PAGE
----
Historical Critique and the Factual Gap

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Auteur(s): 
Covert, Andrew

 

I found Barbara Klinger and Haidee Wasson’s historical genealogies both illuminating and essential to future understandings of the discipline’s attitude to mobility, distribution and how we understand historical research more generally. I felt both could have done more, however, to outline the outcome for film studies. It seemed to me there was a punch-line that never truly arrived. Film studies is indeed lacking acknowledgment of issues discussed by both speakers, but I am still in the dark as to what we should take notice of. 
 
Tom Gunning’s investigations hinted at the epistemological as well as historical underpinnings of the objects and processes he discussed and I felt at the end that there was a lesson for film studies. It spoke to forgotten commitments at the very bottom of our disciplinary activities of which we reamin only dimly aware. Again, I felt he did not address these issues fully in the spirit of critique, but there was a structural comment at the heart of his work.
 
I see this lack as in no way a limitation of the scholars involved. Both Drs. Klinger and Wasson treated their subjects with great skill and the depth. Their understanding of the critical importance of their objects was no way lacking. I fear however, that the critiques these objects represent to the discipline remain evident to a small group of us rather than the whole conference.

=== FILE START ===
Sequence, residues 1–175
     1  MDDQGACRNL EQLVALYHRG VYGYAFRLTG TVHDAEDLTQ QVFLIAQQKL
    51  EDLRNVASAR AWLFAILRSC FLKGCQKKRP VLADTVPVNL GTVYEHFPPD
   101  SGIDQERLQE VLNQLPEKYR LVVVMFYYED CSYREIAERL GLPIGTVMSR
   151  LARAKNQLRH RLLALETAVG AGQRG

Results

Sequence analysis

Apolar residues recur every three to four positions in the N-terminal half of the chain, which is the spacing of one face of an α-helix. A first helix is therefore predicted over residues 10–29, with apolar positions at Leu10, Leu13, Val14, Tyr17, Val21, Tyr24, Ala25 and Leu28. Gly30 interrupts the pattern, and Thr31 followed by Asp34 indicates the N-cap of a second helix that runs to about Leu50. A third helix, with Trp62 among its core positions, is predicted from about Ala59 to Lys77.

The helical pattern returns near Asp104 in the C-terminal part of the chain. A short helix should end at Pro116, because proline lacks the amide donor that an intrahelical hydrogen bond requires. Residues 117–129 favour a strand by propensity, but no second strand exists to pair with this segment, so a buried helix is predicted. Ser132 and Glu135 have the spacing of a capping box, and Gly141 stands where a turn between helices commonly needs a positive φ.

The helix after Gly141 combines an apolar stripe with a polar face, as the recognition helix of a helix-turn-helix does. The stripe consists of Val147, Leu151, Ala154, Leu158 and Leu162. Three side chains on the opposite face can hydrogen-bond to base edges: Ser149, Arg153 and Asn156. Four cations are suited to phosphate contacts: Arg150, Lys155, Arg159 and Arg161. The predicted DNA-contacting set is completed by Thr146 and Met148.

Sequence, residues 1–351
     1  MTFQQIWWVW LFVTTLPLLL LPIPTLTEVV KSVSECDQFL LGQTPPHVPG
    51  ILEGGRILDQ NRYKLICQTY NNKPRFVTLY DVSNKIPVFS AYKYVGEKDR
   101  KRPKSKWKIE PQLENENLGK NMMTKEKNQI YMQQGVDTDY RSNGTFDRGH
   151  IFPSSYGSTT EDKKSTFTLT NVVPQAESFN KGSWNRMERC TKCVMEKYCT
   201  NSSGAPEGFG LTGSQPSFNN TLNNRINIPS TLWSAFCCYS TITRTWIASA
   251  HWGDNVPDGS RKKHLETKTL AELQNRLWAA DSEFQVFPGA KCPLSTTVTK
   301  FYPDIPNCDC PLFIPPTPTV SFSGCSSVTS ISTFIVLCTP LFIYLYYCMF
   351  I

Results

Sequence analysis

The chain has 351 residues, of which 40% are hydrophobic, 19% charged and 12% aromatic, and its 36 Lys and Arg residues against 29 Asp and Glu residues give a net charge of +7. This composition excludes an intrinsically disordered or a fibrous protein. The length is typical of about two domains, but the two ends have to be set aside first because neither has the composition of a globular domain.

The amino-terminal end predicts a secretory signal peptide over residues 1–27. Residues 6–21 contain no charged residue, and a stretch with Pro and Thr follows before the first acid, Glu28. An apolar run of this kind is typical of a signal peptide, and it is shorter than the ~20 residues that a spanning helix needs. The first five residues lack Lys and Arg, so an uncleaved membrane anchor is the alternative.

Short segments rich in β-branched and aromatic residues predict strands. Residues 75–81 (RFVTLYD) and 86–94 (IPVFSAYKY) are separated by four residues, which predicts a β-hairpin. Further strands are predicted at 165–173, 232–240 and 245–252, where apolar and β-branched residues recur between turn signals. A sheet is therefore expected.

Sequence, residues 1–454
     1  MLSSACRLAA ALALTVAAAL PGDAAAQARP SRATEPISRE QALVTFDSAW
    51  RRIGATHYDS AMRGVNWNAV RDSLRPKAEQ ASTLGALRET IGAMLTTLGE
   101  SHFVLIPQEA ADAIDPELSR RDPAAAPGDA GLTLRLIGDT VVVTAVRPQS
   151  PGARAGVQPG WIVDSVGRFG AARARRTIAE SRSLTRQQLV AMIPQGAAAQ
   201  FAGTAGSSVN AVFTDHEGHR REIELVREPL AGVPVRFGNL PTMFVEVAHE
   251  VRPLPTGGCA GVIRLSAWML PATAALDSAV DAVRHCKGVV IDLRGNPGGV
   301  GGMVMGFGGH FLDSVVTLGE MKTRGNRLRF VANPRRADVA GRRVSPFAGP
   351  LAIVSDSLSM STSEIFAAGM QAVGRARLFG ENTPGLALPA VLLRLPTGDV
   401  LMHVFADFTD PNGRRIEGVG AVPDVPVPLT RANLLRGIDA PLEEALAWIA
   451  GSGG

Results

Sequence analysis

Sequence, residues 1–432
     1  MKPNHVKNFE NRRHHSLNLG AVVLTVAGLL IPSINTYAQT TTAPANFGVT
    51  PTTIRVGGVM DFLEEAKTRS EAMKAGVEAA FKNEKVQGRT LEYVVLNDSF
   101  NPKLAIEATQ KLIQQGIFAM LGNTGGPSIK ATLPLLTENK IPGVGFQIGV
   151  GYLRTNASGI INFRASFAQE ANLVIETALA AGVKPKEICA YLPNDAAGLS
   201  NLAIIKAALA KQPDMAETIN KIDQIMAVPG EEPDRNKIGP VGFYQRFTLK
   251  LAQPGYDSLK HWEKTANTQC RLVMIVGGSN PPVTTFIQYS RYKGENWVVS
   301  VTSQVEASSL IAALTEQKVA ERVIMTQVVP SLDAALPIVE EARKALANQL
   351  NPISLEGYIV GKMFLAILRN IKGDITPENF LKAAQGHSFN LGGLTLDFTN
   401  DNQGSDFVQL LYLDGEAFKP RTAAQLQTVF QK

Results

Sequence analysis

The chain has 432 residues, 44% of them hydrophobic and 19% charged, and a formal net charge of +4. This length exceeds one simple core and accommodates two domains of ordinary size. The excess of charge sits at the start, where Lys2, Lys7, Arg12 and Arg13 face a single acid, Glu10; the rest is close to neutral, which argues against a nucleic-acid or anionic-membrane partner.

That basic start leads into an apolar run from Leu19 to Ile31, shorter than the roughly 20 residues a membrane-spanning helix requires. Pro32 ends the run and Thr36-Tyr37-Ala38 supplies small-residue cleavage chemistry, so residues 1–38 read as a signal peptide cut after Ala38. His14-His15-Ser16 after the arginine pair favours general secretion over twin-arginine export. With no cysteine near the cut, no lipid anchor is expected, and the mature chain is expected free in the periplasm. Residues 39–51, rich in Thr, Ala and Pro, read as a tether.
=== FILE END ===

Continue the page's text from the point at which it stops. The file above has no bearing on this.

I find this a common problem with historical work (perhaps attributable to my own confusion) that descriptive treatments of facts and events are imbued with the ability to break down previous structures of knowledge without being formed into a theoretical critique. 
 
I do believe that the research Drs. Klinger and Wasson presented changes the way we conceive of the disciplinary methods for understanding mobility with regards to cinematic reception and the afterimages continuing to flood the image market on both our TV and computer screens. However, remain unable to make these arguments without their aid. I need to know more about the structural challenge these phenomena make to the way we currently pursue the study of film.
 

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